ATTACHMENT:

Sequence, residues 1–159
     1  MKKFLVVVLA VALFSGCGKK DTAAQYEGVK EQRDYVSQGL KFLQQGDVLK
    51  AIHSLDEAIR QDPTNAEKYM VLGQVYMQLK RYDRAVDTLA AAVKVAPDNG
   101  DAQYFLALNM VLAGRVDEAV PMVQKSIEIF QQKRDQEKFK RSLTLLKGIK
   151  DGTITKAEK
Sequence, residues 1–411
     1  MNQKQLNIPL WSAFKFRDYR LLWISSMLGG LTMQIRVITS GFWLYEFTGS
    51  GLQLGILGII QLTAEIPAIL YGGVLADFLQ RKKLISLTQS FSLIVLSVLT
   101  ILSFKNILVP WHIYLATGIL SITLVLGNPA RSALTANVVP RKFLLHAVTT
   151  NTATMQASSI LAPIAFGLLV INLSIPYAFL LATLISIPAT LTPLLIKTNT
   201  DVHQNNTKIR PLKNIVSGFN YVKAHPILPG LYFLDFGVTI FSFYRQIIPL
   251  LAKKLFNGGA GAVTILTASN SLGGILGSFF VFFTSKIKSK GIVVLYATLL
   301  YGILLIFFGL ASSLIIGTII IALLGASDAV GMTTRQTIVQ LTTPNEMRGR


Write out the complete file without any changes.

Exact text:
Sequence, residues 1–159
     1  MKKFLVVVLA VALFSGCGKK DTAAQYEGVK EQRDYVSQGL KFLQQGDVLK
    51  AIHSLDEAIR QDPTNAEKYM VLGQVYMQLK RYDRAVDTLA AAVKVAPDNG
   101  DAQYFLALNM VLAGRVDEAV PMVQKSIEIF QQKRDQEKFK RSLTLLKGIK
   151  DGTITKAEK
Sequence, residues 1–411
     1  MNQKQLNIPL WSAFKFRDYR LLWISSMLGG LTMQIRVITS GFWLYEFTGS
    51  GLQLGILGII QLTAEIPAIL YGGVLADFLQ RKKLISLTQS FSLIVLSVLT
   101  ILSFKNILVP WHIYLATGIL SITLVLGNPA RSALTANVVP RKFLLHAVTT
   151  NTATMQASSI LAPIAFGLLV INLSIPYAFL LATLISIPAT LTPLLIKTNT
   201  DVHQNNTKIR PLKNIVSGFN YVKAHPILPG LYFLDFGVTI FSFYRQIIPL
   251  LAKKLFNGGA GAVTILTASN SLGGILGSFF VFFTSKIKSK GIVVLYATLL
   301  YGILLIFFGL ASSLIIGTII IALLGASDAV GMTTRQTIVQ LTTPNEMRGR